In volleyball, it is all too common to for an athlete to judge even a side-out as “bad” due to a reception, set or dig that wasn’t up to their standards. Even though the play ended with our team taking the point, we still might carry the burden of resentment with us to the service line or to the next play due to our personal preference of how the play should have gone or ‘wishing’ our part in the last play was better.

Ending the wishing, thriving with acceptance
The goal is:

Not: I’m okay with this.

Not: I think I feel good about this.

But: I feel great about it. Because if it happened, then it was meant to happen, and I am glad that it did when it did. I have the control over my perception, attitude and actions and I am going to make the best of it because it has already happened.

Author Robert Greene tells us to “stop wishing for something else to happen, for a different fate. That is to live a false life.”  Often the wishing halts the doing — even though it would seem likely a reasonable decision after a difficult moment, simply visualizing a better state distracts us from taking the necessary steps to addressing our current fate.

Replacing the wishing with acceptance only empowers and propels us forward towards our highest self. By accepting our fate (the present moment) it is up to us to make this situation, experience and or moment something positive and active.

With more focus spent on what we control (our perception, attitude, action and our ability to set goals) our enthusiastic acceptance of everything that has happened in one’s life, allows us to keep energy that would have been wasted on resenting and gossiping towards learning, recalculating, creating and more importantly, growing.

Which dog are you? Putting Amor Fati to work.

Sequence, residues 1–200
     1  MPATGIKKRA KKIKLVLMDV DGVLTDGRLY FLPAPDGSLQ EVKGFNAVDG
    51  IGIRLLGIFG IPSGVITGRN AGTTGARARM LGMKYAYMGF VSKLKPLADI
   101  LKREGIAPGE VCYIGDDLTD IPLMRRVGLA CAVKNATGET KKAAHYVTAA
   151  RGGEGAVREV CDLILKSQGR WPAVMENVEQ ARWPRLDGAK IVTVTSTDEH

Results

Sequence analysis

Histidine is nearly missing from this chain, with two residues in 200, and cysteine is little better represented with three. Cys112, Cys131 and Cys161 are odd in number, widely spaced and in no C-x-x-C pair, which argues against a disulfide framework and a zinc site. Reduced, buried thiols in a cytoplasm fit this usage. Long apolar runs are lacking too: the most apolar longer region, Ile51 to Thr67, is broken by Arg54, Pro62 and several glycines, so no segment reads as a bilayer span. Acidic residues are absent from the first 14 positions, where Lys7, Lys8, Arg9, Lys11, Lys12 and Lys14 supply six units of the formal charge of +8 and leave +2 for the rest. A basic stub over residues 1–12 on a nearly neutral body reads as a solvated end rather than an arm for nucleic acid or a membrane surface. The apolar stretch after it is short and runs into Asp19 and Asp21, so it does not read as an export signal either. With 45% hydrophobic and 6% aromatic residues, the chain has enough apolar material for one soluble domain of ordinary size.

The Stoics used the “dog leashed to a cart” metaphor to explain how to best embrace the unexpected surprises of life as compared to when we resist what is.

The wise man is like a dog leashed to a moving cart, running joyfully alongside and smoothly keeping pace with it, whereas a foolish man is like a dog that stubbornly struggles against the leash but finds himself dragged alongside the cart anyway.

Jonas Salzgeber summarizes it perfectly, in noting the moving cart stands for your life and everything that happens. The dog stands for us.

Either we enjoy the ride and make the best of our life’s journey and the opportunities for growth and reflection, or we fight against everything that happens and get dragged along anyway. We can fight as much as we want — the cart moves in whatever direction it wants to — up and down and through mud and dirt.

Things happen in life, “good” or “bad,” and as soon as they have happened, we (1) will be naturally inclined to judge them, and (2) we won’t be able change them.

They are there just like the muddy uphill road. It might be painful. It might suck. But we cannot change the situation itself, we cannot magically flatten and dry the muddy hill. We can only change what you make of it — muddy or not.

Remember the dogs leashed to the carts? Both dogs are in the same situation, one just enjoys it much more because he doesn’t fight against what he can’t beat — fate. Nobody wants to get dragged along, so there is really just one option: make the best of the journey the cart driver chooses for you.

And even though you cannot decide what exact events happen in your life, the outcomes of those events still can be crafted by your actions. It is your actions of today that shape the events of your tomorrow. Give yourself the freedom, joy and confidence to create the best outcome possible by accepting what is, moment after moment as we love one’s fate.

To connect your club or collegiate athletes and work personally with Dustin Watten email him at
Follow him on Instagram @dustinwatten and get his 7-Day Passing Course at